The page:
In a 2017 issue of Administrative Sciences, Martin Lacroix and Armin Pircher Verdorfer addressed one aspect of servant leadership. They noted that other researchers have found that servant leadership:
- is “positively related to service climate”
- shapes culture where people “prioritize the needs of others above their own”
- helps develop self-esteem and performance confidence in followers through empowerment and opportunities
Lacroix and Pircher Verdorfer focused on one effect of servant leaders on followers. Consistent with writings about servant leadership, they asked: Do servant leaders motivate in their followers a desire to lead? To answer this question they analyzed two waves of questionnaire data gathered from the health care industry in Germany. They predicted that servant leadership would be positively related to followers developing a greater desire to lead. Why? Because servant leaders display concern for others, ethical values, and desirable leadership qualities that followers should like to model.
The finding: If followers liked the idea of servant leadership as a leadership style, then they were more likely to want to be a leader. But if followers did not have servant leadership as their preferred leadership style, then they did not have a greater desire to lead. The researchers concluded:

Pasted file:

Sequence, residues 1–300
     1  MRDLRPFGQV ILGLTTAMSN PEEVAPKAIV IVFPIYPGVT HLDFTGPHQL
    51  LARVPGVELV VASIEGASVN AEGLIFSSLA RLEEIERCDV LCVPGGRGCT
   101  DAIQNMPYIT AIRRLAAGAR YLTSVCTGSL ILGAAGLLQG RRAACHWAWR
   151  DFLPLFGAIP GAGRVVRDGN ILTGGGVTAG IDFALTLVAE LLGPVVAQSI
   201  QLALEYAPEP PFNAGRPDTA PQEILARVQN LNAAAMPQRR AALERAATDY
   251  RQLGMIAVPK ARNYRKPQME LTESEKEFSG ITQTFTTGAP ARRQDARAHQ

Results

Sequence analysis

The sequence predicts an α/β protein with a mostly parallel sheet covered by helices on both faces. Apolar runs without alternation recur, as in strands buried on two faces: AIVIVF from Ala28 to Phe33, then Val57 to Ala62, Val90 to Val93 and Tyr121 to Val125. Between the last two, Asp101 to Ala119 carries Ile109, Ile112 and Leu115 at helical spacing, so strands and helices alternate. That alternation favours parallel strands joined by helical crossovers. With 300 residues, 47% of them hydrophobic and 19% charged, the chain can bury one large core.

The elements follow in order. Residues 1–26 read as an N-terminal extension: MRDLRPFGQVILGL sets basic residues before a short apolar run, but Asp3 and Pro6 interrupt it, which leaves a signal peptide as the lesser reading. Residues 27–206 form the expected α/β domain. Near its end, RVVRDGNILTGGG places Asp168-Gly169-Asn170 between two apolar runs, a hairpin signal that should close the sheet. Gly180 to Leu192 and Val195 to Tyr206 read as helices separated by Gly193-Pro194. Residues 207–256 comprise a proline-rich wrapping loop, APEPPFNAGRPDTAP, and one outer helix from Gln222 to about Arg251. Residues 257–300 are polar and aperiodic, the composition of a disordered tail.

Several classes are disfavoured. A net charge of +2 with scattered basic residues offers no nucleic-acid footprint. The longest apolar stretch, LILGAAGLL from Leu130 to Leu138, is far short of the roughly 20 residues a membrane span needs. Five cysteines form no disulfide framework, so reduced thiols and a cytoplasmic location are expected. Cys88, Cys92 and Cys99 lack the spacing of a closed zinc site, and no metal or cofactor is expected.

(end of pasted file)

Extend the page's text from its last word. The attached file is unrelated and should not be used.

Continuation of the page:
“Indeed, in our data, followers seem to react somewhat cautiously to leaders who consistently place the good of followers over their own self-interests” (p. 8).
1. Lacroix and Pircher Verdorfer tackled one tenet of servant leadership and illuminated the issue. Human behavior is complex. The effect of a servant leader on a follower depends on what the follower thinks of this approach. For those who believe self-interest is the primary motivator of behavior, the authenticity of a servant leader may be difficult to accept. This would make a good conversation topic over drinks with Adam Smith.
2. The authors did discuss the limitations of their study: one industry, self-report surveys, small sample size (between 200-300), one country. These are not unique to their study. Even so, every study contributes something, provides ideas on which others can build. Given the popularity of servant leadership, researchers are needed to build on this and other studies.
3. I expect the effectiveness of servant leadership is situational. The key is to identity through research the essential components that translate into practice such as:
- Treating people as assets.
- Helping followers grow.
- Providing opportunities
- Placing service to others before self.
Lacroix, M., & Pircher Verdorfer, A. (2017). Can Servant Leaders Fuel the Leadership Fire? The Relationship between Servant Leadership and Followers’ Leadership Avoidance. Administrative Sciences, 7(1), 6.
Dinh, J. E., Lord, R. G., Gardner, W. L., Meuser, J. D., Liden, R. C., & Hu, J. (2014). Leadership theory and research in the new millennium: Current theoretical trends and changing perspectives. The Leadership Quarterly, 25, 36-62.
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© John Ballard, PhD, 2017. All rights reserved.
Author of Decoding the Workplace, BEST CAREER BOOK Next Generation Indie Book Awards 2016.
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